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Investment - Rental property in the Villages
Old 03-18-2018, 08:55 AM   #1
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Investment - Rental property in the Villages

My 65 year old husband who retires next year wants to purchase a home in the Villages in FL as an "investment" and also for vacations when it is not rented. I am 57 and still working - at least until 60 or so. I have no problem with him going to FL without me for short visits. Husband's brother lives in the Villages.

My concern - "is this a good investment of over $250,000?" We would pay cash. My husband can be impulsive without looking into the fine details. Cost of maintaining the home versus the actual number of months it will be occupied. He would use a rental management company so he would not have to "do anything." He wants to buy Turnkey which he thinks he will not have to upgrade any of the furnishings as well as linens, kitchen items or interior. Are their better ways to invest $250,000?

My viewpoint - I am not interested in living in the Villages nor being a landlord. I don't think a rental home is a good investment for us. I am concerned we would be stuck with the property, the value would diminish and I would end of retiring in a location I don't want to be. I want him to spend part of his winter's in FL (his dream) either by renting for a month and/or staying with his brother a couple times. Brother and his wife are open to this. I have no problem being home working while he enjoys himself. He earned it and he deserves it.

Input from others --

1. is this a good investment?
2. what are the pros and cons of out of state rental property?
3. what are the experiences of others who have out of state rental property?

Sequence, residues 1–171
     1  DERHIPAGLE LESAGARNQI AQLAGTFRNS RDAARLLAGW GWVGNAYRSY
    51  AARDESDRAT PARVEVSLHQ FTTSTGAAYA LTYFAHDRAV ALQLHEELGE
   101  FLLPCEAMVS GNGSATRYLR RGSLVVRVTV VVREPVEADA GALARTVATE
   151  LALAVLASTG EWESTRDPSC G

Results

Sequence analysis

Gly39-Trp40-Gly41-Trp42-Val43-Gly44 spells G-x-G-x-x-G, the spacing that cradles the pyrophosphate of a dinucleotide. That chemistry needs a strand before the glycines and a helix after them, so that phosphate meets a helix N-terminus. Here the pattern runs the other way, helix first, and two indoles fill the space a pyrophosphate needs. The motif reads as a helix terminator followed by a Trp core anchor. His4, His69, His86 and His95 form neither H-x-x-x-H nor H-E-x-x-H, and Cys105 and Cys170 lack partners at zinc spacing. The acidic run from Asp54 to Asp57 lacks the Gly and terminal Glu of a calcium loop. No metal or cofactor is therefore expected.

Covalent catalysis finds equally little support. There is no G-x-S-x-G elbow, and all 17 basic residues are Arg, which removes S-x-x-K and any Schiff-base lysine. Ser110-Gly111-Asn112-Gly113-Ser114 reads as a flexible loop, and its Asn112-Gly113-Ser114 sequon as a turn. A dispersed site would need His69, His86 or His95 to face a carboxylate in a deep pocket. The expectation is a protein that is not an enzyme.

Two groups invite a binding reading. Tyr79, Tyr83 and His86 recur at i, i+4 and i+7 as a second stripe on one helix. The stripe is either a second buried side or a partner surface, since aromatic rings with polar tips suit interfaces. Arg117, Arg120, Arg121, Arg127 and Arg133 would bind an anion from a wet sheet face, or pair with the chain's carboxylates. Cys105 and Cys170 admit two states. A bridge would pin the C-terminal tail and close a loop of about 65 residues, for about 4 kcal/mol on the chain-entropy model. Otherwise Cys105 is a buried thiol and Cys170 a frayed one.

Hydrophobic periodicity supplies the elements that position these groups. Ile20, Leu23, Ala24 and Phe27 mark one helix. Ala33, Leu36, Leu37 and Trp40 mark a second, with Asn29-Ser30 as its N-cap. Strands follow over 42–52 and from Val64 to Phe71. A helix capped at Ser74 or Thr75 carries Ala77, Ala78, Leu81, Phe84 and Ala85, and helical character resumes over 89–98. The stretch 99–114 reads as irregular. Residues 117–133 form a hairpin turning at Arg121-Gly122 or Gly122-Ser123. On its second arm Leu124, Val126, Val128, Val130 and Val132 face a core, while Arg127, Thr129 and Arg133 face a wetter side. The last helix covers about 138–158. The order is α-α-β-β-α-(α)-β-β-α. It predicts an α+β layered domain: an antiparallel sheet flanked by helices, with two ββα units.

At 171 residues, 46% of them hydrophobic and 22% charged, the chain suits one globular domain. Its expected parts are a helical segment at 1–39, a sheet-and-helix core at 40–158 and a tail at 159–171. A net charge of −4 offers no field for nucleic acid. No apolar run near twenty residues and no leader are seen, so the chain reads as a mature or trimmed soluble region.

4. are their online resources to research this further?
5. other suggestions to make this a win win situation for both of us
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Old 03-18-2018, 09:16 AM   #2
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I donít know enough inputs to know if itís a good investment, but the mere fact that you are not excited tells me itís a bad idea...the kind of thing that could cause long term resentments. One potential option is to put $250k into any number of CDs yielding 5%. Youíll get $7,500 annual interest. You could give DH $6,000 of that as his ďvisit Florida anytimeĒ slush fund, save the rest and know with confidence you wonít lose your $250k or deal with the many headaches and expenditures that come with out of state property ownership.
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Old 03-18-2018, 09:26 AM   #3
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I suspect that it is not a good investment. Some questions to ask... what is this $250k that will be used to buy the property earning now? What will your rental income be? What is the expected appreciation of the property? What are your annual operating costs?